- Contributed by
- People in story:
- Anne Patricia Lovell/Kenneth Double/Florence Double
- Location of story:
- Bath, Somerset
- Background to story:
- Article ID:
- Contributed on:
- 06 May 2005
The war years are a time I remember as a neighbours-pulling-together period of my life, as a child born in 1935 to a warm, loving and close family. We lived at 6 Clarence Place, Lower Weston, with my grandmother at No. 1 where her cupboard under the stairs had been reinforced and turned into a shelter so there we all gathered when the sirens went. My cousin and I were put to bed in a nest made at the lowest point, while the adults gathered round a card table to play. One aunt had hysterics each time she heard the siren, and I remember my cousin and I being highly entertained by this, as my mother would slap her and then wave smelling salts under her nose.
I was about 6 one sunny day, standing at grandmother’s front door with my uncle Ken, five years older. We were watching a plane coming over quite low when my uncle suddenly pushed my grandmother back into the house hard, and she staggered backwards, arms flailing and shouting at him. He threw me down on the path, and himself on top of me, and we watched as a black object hurtled down straight towards us – me not understanding any more than Nanny had; but then the object hit the ground a few yards from us, the ground vibrating underneath – and then silence. Absolute deadly silence as we gazed at the enormous crater with the bomb standing at its centre, stunned and amazed.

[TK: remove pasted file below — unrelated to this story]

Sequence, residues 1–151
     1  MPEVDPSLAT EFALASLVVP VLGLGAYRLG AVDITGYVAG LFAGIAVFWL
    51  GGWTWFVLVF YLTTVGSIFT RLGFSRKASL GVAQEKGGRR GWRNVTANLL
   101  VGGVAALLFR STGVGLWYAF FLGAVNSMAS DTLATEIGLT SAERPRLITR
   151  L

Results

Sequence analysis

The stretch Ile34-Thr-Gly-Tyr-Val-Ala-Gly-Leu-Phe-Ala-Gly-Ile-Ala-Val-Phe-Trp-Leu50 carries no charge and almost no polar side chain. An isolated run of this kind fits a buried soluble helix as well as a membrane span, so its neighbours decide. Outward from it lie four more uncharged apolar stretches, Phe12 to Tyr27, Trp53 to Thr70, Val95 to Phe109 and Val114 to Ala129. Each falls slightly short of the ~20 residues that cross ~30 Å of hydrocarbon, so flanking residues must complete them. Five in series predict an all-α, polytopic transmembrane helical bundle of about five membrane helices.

Then suddenly all hell broke loose as the air raid wardens rushed in to cordon off and evacuate the street, with fears that the unexploded bomb had fractured the gas and water mains, so no lights were allowed. My father was asleep after his munitions night shift, not knowing a bomb was right outside his window; we had to throw stones to wake him and he filled my doll’s pram with essentials and took me off to the timber community building at the city end of Locksbrook Road, where we spent the night amidst family and neighbours, much to the delight of we youngsters; my mother worked underground at the Ministry of War offices at Monkton Farleigh, and of course with no communication she had no idea of what had happened until she found herself unable to approach our street, and no idea of whether we were safe until she was directed to the “Adult School” as it was called, to find us safe and well. I believe that the bomb had been dropped by a plane returning to its base after a raid on the docks at Bristol.
Later, we children found it exciting to emerge from the shelter after what had been two terrifying nights for the grown-ups during the Bath Blitz, looking at whose houses had been devastated and watching the factories burning along the lower Bristol Road. By that time my father had been moved to Stroud to continue with his “reserved occupation” as a valued toolmaker and he came off his night shift one morning to the news of the Blitz; again, no way of establishing if his family had survived and no public transport, so he hitch-hiked from Stroud, relieved to find us all in one piece, and he took me and my mother, with my aunt and her four-year-old son (her husband was with the RAF filming the bombing raids over Germany) back to Stroud – I can’t remember how we got there, but he was a very determined man and he soon found us somewhere to live and we had a couple of very happy years on Brimscombe Hill with no more raids, only the usual shortages to cope with.
I remember a lot of things about the war years, rationing, make do and mend, playing on the bombed sites, and so on, but I expect you will have a lot of those memories and I felt a more personal item would be of interest; we certainly had a wonderful series of street parties on VE and VJ days, when my grandmother's home was host to the ice cream container!
Hope this is of some help to you in gathering information.
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